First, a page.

Concentration of CO2 in the Atmosphere

BirdieBlue – Sustainable Packs and Bags

To see the article as it appears in print, please load the pdf file HERE.

Roger Lohr

BirdieBlue is a company in Stowe, VT that was created to save discarded clothing from ending up in landfills and give it new life as bags and packs. Company owner Kate Harvey spent three years of product development to refine a process to transform old ski clothes into new sling bags, carryalls, pouches, and packs that are sustainably designed, cut, and handmade by women in the USA.

The BirdieBlue products’ components such as fabrics, zippers, buckles, clasps, and webbing straps are made from upcycled, recycled, or compostable materials. The product labels and clips are made from recycled materials from SA8000 (internationally certified standards) suppliers. The products are packed and shipped in 100% recycled and compostable mailers.

Harvey commented, “Upcycled is taking something that exists and transforming it into something that gives it new life.” For example, the strap webbing for the packs is made from old seat belts. Her goal is to “keep as many clothes out of landfills as possible.” There are 16 million tons of annual textile waste and only about 15% is recycled or resold while three million tons are incinerated and 10 million tons end up in landfills.

To obtain the fabric materials, BirdieBlue scours thrift stores and ski swaps and collects outerwear donations from individuals and companies. The fabrics are cut into patterns and about 5 to 10 bags can come from a pair of snowpants or a jacket. Recycled materials are made from other materials that are broken down to create a new material thus the BirdieBlue plastic buckles are made from recycled plastic bottles and the labels and zippers are made from more than fifty percent recycled materials.

With all this sustainability built into the BirdieBlue operation it is no wonder that the company sends its materials that are not reusable to textile recycling outlets which use them as insulation, padding, lining, quilt fillers, and so on.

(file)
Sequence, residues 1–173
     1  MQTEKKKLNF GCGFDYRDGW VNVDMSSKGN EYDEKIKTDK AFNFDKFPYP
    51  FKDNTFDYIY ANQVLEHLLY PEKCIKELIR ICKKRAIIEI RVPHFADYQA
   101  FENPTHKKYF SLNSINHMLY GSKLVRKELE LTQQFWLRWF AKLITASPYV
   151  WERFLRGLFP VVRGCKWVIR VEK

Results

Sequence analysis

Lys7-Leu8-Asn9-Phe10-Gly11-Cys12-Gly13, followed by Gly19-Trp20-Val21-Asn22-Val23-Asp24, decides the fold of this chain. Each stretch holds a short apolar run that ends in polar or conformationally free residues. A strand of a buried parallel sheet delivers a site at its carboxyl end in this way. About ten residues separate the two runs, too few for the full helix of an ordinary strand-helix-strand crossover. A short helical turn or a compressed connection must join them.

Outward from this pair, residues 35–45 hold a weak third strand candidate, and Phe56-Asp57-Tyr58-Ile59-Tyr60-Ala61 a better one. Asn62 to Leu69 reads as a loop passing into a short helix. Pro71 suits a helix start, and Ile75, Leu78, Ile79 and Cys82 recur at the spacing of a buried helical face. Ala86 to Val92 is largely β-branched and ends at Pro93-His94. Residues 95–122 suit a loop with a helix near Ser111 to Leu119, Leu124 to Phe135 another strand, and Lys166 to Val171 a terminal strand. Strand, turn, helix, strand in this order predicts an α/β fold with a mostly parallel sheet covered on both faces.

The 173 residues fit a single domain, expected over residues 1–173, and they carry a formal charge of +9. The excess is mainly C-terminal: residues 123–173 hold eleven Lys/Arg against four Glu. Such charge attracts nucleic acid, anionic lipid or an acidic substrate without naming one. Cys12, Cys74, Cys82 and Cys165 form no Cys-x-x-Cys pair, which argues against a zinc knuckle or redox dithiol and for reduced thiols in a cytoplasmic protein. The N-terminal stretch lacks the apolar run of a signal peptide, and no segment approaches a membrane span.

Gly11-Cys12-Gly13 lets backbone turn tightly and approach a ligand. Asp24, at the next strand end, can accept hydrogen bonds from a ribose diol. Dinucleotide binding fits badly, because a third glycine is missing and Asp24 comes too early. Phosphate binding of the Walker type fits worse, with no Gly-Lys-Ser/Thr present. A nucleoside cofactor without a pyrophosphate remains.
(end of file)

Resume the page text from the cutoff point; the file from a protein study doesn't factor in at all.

People who want to discard old clothes can access the BirdieBlue website “Used Gear Kit” form and they will send you a mailer that you can use to deliver old clothes to the company. BirdieBlue will be managing a booth and hosting the Revive, Reuse, and Recycle Zone at the Snowbound Expo Boston Ski Show (November 3-5 at the Boston Convention and Exhibition Center) where people can donate old snow clothes (snow pants, ski bibs, ski jackets, tents, windbreakers, etc.), cut them at a station in the booth, and create a limited-edition bag. There will also be a retail station at the show to purchase BirdieBlue products.

BirdieBlue is a member of 1% for the Planet through which1% of every sale is donated to support environmental organizations. The company is committed to paying living wages, supporting local economies and building safe working environments. The company mission is to inspire adventure and protect Mother Earth.

Roger Lohr of Lebanon, NH, who owns and edits, has published articles and promotional topics on snow sports, sustainability, and trails in regional and national media.


Kate Harvey owner of BirdieBlue transforms discarded clothes into new products. (Courtesy photo)

Alpine skiers with BirdieBlue packs. (Courtesy photo)

Leave a Reply

You can use these HTML tags

<a href="" title=""> <abbr title=""> <acronym title=""> <b> <blockquote cite=""> <cite> <code> <del datetime=""> <em> <i> <q cite=""> <s> <strike> <strong>